Newspaper article The Florida Times Union

Live Shark Display Adding Teeth to Coastal Celebration

Newspaper article The Florida Times Union

Live Shark Display Adding Teeth to Coastal Celebration

Article excerpt

Byline: Teresa Stepzinski, Times-Union staff writer

BRUNSWICK -- A live shark exhibit will highlight CoastFest 2001's environmental awareness and education displays next month at the Georgia Department of Natural Resources headquarters in south Brunswick.

The annual event -- set for Oct. 6 -- is the largest natural resources festival in Georgia and attracts thousands of visitors from throughout the state and Northeast Florida, said officials with the department's Coastal Resources Division, which plays host for the ecological festival.

"This year's CoastFest will be the biggest and best ever," said Stuart Stevens, department chief of ecological services. "Our exhibitors have increased by one-third and include some exciting hands-on activities. People can learn while having fun."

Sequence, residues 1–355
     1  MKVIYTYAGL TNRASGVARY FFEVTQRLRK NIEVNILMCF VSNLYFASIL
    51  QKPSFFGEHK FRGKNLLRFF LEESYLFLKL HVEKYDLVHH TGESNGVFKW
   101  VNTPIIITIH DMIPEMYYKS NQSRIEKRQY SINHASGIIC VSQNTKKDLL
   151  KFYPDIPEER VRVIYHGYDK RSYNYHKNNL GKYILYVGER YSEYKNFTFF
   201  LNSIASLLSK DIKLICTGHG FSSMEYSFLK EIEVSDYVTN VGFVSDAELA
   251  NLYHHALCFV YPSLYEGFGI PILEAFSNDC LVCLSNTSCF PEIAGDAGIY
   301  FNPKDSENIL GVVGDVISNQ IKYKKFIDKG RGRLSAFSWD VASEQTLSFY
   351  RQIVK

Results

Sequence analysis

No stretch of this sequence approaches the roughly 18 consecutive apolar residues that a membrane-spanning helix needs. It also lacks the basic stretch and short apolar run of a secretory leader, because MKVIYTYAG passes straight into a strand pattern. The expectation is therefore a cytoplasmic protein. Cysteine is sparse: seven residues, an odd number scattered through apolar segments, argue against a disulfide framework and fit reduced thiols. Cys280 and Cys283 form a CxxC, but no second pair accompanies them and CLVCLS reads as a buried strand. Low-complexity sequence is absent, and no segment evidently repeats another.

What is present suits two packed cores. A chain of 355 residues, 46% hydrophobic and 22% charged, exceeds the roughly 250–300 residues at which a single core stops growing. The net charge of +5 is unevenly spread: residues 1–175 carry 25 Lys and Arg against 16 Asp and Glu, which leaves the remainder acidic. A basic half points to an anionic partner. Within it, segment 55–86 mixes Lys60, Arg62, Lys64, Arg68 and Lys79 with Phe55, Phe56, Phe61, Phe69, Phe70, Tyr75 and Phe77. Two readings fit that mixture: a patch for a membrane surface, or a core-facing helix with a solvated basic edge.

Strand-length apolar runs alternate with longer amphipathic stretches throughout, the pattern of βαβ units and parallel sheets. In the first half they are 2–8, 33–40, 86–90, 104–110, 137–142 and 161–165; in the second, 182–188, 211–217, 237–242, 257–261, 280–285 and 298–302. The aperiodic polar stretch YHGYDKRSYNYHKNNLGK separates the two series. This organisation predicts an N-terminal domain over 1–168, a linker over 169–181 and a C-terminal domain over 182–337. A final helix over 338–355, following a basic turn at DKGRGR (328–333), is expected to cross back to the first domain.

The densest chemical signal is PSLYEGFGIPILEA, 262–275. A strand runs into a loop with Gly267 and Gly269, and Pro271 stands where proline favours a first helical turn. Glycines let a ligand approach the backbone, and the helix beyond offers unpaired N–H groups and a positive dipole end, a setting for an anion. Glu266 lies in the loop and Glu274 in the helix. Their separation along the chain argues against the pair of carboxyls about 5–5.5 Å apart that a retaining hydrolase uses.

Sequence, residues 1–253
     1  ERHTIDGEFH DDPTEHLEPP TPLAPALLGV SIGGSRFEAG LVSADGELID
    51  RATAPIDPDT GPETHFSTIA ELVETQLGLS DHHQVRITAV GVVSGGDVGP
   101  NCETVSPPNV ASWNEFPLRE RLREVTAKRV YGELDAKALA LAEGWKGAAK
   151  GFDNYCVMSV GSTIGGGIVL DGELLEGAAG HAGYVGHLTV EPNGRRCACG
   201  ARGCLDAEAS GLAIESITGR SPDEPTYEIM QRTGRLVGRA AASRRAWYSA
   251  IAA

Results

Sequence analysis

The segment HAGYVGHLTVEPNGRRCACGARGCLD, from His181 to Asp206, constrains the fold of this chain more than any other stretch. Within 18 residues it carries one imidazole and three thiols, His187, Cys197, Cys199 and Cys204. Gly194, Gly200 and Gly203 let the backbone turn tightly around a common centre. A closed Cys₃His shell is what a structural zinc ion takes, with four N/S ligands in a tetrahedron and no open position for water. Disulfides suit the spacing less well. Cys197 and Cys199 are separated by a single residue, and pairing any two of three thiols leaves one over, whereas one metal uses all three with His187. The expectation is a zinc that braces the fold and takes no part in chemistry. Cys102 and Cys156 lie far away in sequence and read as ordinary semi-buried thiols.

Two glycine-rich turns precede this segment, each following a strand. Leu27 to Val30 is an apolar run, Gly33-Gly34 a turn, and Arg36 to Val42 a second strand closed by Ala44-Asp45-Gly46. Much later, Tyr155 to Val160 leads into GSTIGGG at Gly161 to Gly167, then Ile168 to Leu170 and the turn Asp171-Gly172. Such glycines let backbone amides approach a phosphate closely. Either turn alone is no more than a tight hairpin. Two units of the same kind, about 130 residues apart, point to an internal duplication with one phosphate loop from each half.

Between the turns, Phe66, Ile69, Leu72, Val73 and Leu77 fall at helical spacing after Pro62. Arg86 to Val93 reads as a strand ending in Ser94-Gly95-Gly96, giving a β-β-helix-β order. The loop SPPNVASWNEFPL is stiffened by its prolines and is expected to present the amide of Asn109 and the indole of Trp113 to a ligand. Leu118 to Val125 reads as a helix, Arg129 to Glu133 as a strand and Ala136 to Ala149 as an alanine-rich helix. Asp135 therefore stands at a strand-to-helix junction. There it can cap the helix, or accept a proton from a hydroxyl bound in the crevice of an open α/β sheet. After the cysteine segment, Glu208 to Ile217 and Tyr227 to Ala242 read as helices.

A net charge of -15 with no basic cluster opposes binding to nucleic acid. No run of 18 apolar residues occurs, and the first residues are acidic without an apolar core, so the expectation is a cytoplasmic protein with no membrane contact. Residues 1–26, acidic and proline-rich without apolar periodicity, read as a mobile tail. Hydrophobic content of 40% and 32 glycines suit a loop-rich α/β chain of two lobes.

At least 87 exhibits -- ranging from the live shark display to a reptile relocator, a mobile aquarium, touch tanks filled with live fish and crabs, and a U.S. Coast Guard robot -- are to be displayed, department spokeswoman Lea King said.

WeeBee, a 70-foot replica of a northern right whale, also will be featured, she said.

"Last year, more than 4,000 people attended the festival, and we're expecting at least that many this year," King said.

The festival is designed to educate and help people develop an appreciation for the unique coastal Georgia ecosystem that is home to a variety of threatened or endangered species, including five species of sea turtles, the northern right whale, eagles and alligators, she said.

"We're going to have a live baby shark and a biologist on hand for a public awareness program explaining the behavior and habitat of sharks. The exhibit will be about shark facts and fiction. These creatures are very important to the environment," said King, adding that sharks have gotten a bad reputation because of well-publicized attacks off the Florida coast.

Visitors also will have a chance to get up close and personal with snakes and other reptiles brought by Tim Lane, an area herpetologist who captures and relocates the critters when they run afoul of people.

The Coast Guard will showcase "Coastie," the robotic boat it uses to teach children and others about boating safety. …

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